As it was a bright sunny day today, not at all cold, I decided to pay a visit to Hampstead in NW London. I used to go there often but haven’t been for a while and it’s a pleasant place to go on a bright day.
You can get to Hampstead by bus but it is a slightly tedious journey from Angel and the best way to go, in my opinion is by tube. Here’s where you arrive, at the station that is today called “Hampstead” but was once known as “Heath Street”.
Hampstead sits on a stiff slope near the top of a hill. For this reason, its tube station has the deepest lift shaft on the Underground, at 55.2m or 181 feet. To cover this distance quickly, the lift accelerates noticeably as it starts. Going down you feel your stomach rise and on the upward journey your feet push against the floor!
I have some appreciation of the distance travelled because I once became impatient waiting for the lift and took to the stairs. It was like being alone in another world, a vertical world stretching to infinity in either direction!
There are at least three famous pubs in Hampstead, though many would extend my list. Sticking to the area around the tube station, I include The Flask, in Flask Walk, The Horse and Groom, in Heath Street, and the Holly Bush, in Holly Rise.
I have been in other Hampstead pubs, but these three hold special memories for me, especially The Horse and Groom, where I occasionally met up with a colleague who became a friend but who died some time ago. He once gave me a copy of Bertrand Russell’s collection of essays, Mysticism and Logic, which I still have. It’s rather sad that the building is no longer a pub.
Hampstead High Street is urban in its traffic flow but has something of the village about it. Life there is a little bit more relaxed than on most high streets as the cafe culture testifies. There is probably a higher concentration of coffee shops here than in most high streets even in newly coffee-conscious Britain.
In the outer reaches, especially where it borders Hampstead Heath, it almost becomes an archetypal leafy suburb.
Hampstead always was one of the more “exclusive” of the villages of which outer London consists. In the early days of urbanization, the horse trams couldn’t climb the steep hill, effectively shutting out the working classes who had to find lodgings lower down in Kentish Town and Somers Town.
This is less true today, perhaps, now that the tube and the motor bus have penetrated the fortress, but there is still plenty of money and privilege to be found. You don’t need to search for it: it jumps out at you. This house with splendid gilded gates, an old merchant’s house, is Fenton House, now owned by the National Trust and can be visited. I photographed this in preference to private homes because I found that I and my camera were attracting hostile stares from residents. Maybe they thought I was casing their houses to burgle them.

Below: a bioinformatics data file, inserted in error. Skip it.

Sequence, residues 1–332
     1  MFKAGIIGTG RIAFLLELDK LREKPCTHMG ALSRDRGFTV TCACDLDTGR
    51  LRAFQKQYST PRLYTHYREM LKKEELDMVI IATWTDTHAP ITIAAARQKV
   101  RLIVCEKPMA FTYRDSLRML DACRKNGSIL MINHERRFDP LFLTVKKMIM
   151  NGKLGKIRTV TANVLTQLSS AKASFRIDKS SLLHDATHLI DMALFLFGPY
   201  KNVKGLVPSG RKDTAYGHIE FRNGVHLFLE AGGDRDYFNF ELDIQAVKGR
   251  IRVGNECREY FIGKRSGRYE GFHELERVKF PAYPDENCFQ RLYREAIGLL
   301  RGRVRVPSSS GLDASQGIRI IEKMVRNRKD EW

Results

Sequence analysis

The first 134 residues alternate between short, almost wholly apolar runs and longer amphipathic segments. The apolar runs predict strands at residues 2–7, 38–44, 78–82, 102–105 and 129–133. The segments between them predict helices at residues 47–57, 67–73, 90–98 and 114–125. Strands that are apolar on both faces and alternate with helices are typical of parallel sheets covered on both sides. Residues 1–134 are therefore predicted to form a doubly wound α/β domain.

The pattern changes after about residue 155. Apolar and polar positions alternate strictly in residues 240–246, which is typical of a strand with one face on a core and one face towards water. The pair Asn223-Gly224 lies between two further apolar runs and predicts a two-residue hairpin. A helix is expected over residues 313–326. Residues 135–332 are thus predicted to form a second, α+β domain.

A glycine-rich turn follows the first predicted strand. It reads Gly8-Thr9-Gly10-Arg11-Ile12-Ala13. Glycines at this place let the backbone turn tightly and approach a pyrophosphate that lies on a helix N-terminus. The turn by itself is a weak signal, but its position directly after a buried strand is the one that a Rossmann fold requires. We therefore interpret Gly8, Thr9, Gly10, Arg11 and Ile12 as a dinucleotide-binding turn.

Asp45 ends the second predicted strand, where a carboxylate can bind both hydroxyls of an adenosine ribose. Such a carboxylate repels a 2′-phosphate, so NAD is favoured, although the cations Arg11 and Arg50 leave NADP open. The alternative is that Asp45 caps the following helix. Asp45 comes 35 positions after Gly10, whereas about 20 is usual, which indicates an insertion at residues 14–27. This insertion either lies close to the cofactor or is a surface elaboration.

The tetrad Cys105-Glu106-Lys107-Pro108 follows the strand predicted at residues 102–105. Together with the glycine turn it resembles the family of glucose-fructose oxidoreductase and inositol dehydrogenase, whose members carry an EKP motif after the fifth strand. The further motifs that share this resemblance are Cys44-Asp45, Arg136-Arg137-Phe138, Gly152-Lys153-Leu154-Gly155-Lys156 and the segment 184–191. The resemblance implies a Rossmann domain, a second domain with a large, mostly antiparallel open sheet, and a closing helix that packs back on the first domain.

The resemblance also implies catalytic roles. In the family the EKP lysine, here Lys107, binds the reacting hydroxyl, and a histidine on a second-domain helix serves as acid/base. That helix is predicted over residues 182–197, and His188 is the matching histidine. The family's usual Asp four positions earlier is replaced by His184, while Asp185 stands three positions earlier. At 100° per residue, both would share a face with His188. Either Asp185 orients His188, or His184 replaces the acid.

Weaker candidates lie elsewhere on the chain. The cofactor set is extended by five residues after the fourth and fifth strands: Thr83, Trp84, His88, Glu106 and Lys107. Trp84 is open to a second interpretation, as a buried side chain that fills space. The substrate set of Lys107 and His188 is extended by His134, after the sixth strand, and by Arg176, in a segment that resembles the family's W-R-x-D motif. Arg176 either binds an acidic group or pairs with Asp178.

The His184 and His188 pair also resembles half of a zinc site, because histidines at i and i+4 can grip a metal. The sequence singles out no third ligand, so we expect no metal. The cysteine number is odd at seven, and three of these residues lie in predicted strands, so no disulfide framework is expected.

Heath Street leads up the hill to what is said to be the highest point in London, marked by Whitestone Pond.
Now called Whitestone, this body of water used to be called the Horse Pond because the military watered horses here. Military horses are rarely seen here now but generations of children have floated toy boats on it and even ventured to paddle in it. I heard that during WWII, the military used it to test amphibious vehicles.
In case you are wondering, this isn’t one of the famous open-air bathing ponds. They are on Hampstead Heath and bathing still continues, rather surprisingly in this age obsessed with health and safety.
Heath Street, the long road that gave Hampstead tube station its original name, takes us down from Whitestone Pond to Hampstead High Street. Looking at my photo, you might think it is a quiet street. You can hardly imagine that just around the corner is a busy high street. This is because I waited a long time for a moment when there were no vehicles rushing up or down the hill.
There are quiet streets in Hampstead, of course, though most of us couldn’t afford to live in them.
To end my visit, I did some cafe-culturing myself. I chose the Coffee Cup Cafe, where I had previously been with Tigger, and I enjoyed two cups of very good coffee. You might think from the photo that it was early in the morning but no, it was around midday. Where was everybody?
The answer is that today was such a fine day with clear blue sky and bright sun, that all the customers were sitting at tables outside. Only I came inside because I wanted a quiet place where I could email Tigger and write some of this blog.